He insisted that he took the Alford guilty plea not to admit guilt, but because he can’t handle the strains of prison time and the risk of being tried under the harsher charge was too great.
“I was taken 500 miles away from everyone and everything I had known and loved,” he said. “I was so mad and humiliated that I was determined to fight this and prove my innocence. After going over the discovery at a rate at one to two hours a day a year, time has worn me down. My life has been threatened, I’ve been assaulted. I’ve been robbed three times in jail.”
Stating also that his attorney has significant health issues, he took the state’s plea bargain so that “prosecutors will calk up a win and Sandi’s family will have some closure, which they certainly do need and deserve.”
“And to get to all of this, only one man has to be sacrificed,” he said. “That sounds like a pretty good deal but it’s a terrible thing to be that man sacrificed.”
However, Johnson’s friends and mother don’t buy it.
“The verdict’s not enough for me,” said Johnson’s mother Janet Moe in tears. “I wish she was here. The light of my life.”
Moe remembers going to the Bowen Scarff Ford herself and telling Reed to stop stalking her.
“No, you don’t need to see Sandi, just stay away from her now,” she told him. “Leave her alone, don’t be following her, don’t be stalking her. Leave her alone. Her husband’s asked you, I’ve told you. Now, I’m gonna tell you one time, get out of here now.”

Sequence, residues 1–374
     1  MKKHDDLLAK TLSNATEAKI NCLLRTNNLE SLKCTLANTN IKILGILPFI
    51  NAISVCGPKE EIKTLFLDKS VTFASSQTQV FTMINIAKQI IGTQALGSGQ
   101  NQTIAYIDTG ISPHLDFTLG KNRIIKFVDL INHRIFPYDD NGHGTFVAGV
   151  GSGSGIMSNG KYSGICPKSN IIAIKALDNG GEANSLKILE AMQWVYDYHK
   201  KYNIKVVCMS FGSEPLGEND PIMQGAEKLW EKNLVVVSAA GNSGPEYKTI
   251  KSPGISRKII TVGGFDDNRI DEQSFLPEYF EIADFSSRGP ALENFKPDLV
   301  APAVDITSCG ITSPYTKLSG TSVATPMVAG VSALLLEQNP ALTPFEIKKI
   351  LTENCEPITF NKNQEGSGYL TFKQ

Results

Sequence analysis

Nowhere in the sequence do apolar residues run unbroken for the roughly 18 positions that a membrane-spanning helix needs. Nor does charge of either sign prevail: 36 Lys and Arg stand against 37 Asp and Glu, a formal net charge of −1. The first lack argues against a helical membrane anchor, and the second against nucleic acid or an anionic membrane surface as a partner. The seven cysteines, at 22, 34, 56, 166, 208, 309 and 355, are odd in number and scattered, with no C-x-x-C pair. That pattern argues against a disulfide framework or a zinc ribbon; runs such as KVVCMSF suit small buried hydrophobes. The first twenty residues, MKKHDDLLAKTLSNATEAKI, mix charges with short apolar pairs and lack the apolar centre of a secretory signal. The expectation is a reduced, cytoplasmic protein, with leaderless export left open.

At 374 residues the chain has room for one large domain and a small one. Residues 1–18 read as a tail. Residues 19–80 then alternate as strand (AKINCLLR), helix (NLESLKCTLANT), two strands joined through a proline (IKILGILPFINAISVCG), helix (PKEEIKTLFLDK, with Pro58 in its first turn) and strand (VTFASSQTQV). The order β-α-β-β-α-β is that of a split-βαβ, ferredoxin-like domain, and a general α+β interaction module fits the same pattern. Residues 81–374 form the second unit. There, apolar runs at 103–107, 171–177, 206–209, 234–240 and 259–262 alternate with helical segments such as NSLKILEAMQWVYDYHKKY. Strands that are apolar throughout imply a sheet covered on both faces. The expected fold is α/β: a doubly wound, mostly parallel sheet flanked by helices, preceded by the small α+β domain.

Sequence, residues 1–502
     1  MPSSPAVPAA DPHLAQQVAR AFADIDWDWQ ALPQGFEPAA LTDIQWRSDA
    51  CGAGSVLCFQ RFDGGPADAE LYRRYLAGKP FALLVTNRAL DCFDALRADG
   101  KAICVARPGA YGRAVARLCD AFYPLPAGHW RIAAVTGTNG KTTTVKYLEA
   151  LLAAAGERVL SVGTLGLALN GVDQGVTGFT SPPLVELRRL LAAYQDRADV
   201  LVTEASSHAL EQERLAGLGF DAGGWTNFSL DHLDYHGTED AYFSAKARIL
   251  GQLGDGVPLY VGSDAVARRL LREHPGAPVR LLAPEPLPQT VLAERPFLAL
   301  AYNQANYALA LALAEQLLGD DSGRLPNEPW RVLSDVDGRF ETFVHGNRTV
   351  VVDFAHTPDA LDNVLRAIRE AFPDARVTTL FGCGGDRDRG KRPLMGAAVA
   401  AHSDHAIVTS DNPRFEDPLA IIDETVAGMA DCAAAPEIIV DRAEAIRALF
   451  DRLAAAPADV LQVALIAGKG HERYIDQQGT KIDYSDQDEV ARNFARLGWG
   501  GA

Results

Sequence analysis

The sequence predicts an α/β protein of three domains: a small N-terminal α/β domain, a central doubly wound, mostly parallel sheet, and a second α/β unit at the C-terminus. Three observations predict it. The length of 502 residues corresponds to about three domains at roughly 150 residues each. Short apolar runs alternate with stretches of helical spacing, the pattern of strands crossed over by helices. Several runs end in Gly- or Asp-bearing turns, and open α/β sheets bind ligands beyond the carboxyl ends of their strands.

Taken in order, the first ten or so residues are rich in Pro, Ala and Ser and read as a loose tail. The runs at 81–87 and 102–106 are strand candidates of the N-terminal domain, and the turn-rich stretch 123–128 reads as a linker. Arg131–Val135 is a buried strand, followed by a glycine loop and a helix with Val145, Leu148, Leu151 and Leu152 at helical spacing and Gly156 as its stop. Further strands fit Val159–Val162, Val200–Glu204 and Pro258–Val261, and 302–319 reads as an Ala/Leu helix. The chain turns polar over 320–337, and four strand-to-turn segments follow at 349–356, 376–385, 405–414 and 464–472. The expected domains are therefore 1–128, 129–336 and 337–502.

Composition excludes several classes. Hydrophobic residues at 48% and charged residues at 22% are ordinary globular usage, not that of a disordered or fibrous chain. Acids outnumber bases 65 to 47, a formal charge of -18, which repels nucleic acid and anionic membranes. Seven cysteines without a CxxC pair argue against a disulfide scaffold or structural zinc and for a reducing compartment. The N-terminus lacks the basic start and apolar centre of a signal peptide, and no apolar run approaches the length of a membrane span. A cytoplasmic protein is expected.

Seana Barker, Johnson’s best friend also feels mourns the loss of her dear friend and doesn’t feel Reed’s sentence serves justice.
“For many years we wondered, not knowing what happened to her,” Barker said. “What her fate was, and we all asked why Sandi? We searched for her, we pleaded with the public through the news media to help us find her. We appeared on television shows with psychics. Talked to many people trying to get the news out about her and to try to figure what had happened to her, all the while try to live our life as normally as we can when your best friend disappears and your security is shaken and you no longer feel safe. We tied yellow ribbons on the trees and we planted yellow flowers in hopes that some day, somehow she would return to us.”
Having already spent 494 days in jail, Reed will serve the remaining two years of his sentence.